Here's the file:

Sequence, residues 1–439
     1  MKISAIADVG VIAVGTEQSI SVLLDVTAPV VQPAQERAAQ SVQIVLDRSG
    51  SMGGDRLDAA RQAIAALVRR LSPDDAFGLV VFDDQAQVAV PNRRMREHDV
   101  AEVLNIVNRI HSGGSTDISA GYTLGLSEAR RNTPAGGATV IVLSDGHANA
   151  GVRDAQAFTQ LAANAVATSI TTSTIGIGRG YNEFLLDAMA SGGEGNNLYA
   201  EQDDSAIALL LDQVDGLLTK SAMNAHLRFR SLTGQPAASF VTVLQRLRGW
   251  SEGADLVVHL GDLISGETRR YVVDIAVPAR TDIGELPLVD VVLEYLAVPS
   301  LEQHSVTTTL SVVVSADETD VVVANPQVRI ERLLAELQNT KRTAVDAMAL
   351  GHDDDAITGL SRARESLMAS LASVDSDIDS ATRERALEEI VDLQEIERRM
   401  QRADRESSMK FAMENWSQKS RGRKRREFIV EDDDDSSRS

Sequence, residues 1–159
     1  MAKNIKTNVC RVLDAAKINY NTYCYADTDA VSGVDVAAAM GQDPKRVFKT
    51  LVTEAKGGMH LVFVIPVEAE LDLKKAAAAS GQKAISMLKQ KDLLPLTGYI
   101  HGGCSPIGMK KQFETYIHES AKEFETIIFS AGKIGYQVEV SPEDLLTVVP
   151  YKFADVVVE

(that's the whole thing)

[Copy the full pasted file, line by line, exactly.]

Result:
Sequence, residues 1–439
     1  MKISAIADVG VIAVGTEQSI SVLLDVTAPV VQPAQERAAQ SVQIVLDRSG
    51  SMGGDRLDAA RQAIAALVRR LSPDDAFGLV VFDDQAQVAV PNRRMREHDV
   101  AEVLNIVNRI HSGGSTDISA GYTLGLSEAR RNTPAGGATV IVLSDGHANA
   151  GVRDAQAFTQ LAANAVATSI TTSTIGIGRG YNEFLLDAMA SGGEGNNLYA
   201  EQDDSAIALL LDQVDGLLTK SAMNAHLRFR SLTGQPAASF VTVLQRLRGW
   251  SEGADLVVHL GDLISGETRR YVVDIAVPAR TDIGELPLVD VVLEYLAVPS
   301  LEQHSVTTTL SVVVSADETD VVVANPQVRI ERLLAELQNT KRTAVDAMAL
   351  GHDDDAITGL SRARESLMAS LASVDSDIDS ATRERALEEI VDLQEIERRM
   401  QRADRESSMK FAMENWSQKS RGRKRREFIV EDDDDSSRS

Sequence, residues 1–159
     1  MAKNIKTNVC RVLDAAKINY NTYCYADTDA VSGVDVAAAM GQDPKRVFKT
    51  LVTEAKGGMH LVFVIPVEAE LDLKKAAAAS GQKAISMLKQ KDLLPLTGYI
   101  HGGCSPIGMK KQFETYIHES AKEFETIIFS AGKIGYQVEV SPEDLLTVVP
   151  YKFADVVVE